April 14, 2014
Botanists Baffled By Stunning Growth Of ‘Space Cherry Tree’
redOrbit Staff & Wire Reports - Your Universe Online
A cherry tree sapling growing from seeds that were sent to space by Japanese scientists in 2008 has stunned botanists with its astonishing growth, as its buds have appeared about six years earlier than usual.
According to Julian Ryall of the South China Morning Post, cherry trees typically take about a decade before their buds first appear, but the one resulting from a pip sent to the International Space Station five years ago as part of a Japan Manned Space Systems project somehow managed to accomplish the feat in less than half that time.
The seed was one of 265 from the legendary Chujohimeseigan-zakura cherry tree, located at the Ganjoji Temple grounds in Higashiomi, that were selected as part of the mission. Astronaut Koichi Wakata took the cherry pips with him when he arrived on the ISS six years ago, conducted a series of experiments and then brought them back to Earth with him in July 2009, Ryall added.
While in space, the seeds circled our planet over 4,000 times, said Fred Nathan of The Telegraph. Since its return, it has grown to 13 feet and produced nine flowers, each of which have only five petals. In contrast, the approximately 1,250-year-old “yamazakura” wild cherry tree from which it originates produces around 30 petals on each of its flowers, he added.
“We are amazed to see how fast it has grown,” Masahiro Kajita, chief priest at the Ganjoji Temple in Gifu where the tree currently resides, said during a telephone interview with AFP reporter Shigemi Sato on Friday. “A stone from the original tree had never sprouted before. We are very happy because it will succeed the old tree, which is said to be 1,250 years old.”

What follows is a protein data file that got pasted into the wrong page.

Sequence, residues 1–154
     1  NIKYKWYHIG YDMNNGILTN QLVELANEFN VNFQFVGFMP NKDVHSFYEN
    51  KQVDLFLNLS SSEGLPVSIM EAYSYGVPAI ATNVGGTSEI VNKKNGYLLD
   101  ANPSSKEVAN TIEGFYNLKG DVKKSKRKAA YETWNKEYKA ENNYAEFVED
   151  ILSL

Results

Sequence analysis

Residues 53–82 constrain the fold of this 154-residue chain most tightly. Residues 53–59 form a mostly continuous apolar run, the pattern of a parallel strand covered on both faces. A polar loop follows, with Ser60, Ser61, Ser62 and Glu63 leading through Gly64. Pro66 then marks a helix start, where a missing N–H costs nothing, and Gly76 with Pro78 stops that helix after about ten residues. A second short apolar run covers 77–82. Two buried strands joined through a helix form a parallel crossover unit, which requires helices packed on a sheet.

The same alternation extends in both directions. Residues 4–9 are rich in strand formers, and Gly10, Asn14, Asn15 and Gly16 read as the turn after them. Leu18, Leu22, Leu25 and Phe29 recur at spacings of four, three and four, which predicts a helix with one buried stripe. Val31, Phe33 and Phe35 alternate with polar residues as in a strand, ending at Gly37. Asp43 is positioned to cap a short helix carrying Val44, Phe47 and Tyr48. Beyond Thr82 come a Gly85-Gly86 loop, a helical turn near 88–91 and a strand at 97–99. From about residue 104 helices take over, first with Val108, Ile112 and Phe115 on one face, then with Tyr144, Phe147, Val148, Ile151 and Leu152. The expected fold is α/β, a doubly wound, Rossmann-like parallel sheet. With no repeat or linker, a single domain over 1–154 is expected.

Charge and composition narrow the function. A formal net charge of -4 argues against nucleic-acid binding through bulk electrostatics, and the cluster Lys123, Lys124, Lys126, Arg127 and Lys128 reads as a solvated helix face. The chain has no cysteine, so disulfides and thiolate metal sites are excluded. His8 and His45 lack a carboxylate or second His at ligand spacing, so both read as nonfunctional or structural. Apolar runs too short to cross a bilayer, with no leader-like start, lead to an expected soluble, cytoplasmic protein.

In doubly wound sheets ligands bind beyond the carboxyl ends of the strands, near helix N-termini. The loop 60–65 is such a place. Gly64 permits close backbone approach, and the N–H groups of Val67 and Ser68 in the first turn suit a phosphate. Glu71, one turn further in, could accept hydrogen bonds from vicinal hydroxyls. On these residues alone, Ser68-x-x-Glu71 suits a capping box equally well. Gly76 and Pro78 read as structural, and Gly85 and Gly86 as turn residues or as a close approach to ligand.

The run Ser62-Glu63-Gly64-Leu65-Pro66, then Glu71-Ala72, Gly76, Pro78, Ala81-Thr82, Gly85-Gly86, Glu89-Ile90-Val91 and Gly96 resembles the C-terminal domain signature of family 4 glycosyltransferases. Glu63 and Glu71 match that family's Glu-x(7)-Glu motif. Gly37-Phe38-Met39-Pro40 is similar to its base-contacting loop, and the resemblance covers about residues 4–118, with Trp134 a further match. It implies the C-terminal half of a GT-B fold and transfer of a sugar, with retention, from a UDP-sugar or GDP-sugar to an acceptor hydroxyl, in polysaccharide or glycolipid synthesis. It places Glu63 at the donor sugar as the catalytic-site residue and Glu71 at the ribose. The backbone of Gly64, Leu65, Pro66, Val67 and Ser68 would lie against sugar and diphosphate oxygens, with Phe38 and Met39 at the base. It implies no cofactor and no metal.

So what caused this so-called “space cherry” tree to bloom? One theory, according to USA Today, is that “space rays” could have impacted the plant’s physiology in some way. A botanist affiliated with the project suggests that the environment of space could have impacted “agents in the seeds” responsible for budding, adding that the growth could foretell a future in which crops could be sent to space in order to grow more quickly.
“There is a theoretical possibility that the cosmic environment has had a certain impact on agents in the seeds that control budding and the growth process, but we have absolutely no answer as to why the trees have come into bloom so fast,” Kaori Tomita, a 56-year-old botanist and lecturer at the University of Tsukuba who participated in the project, told Asahi Shimbun staff writer Takaya Kobayashi.
However, as Engadget’s Terrence O’Brien explained on Sunday, it will likely be difficult to determine what is behind the tree’s rapid growth: “Since the project involving the seeds was not a true experiment, and more a stunt to pique the interest of children, there is no control group to compare against. In fact, there's very little data at all for the scientists to work with.”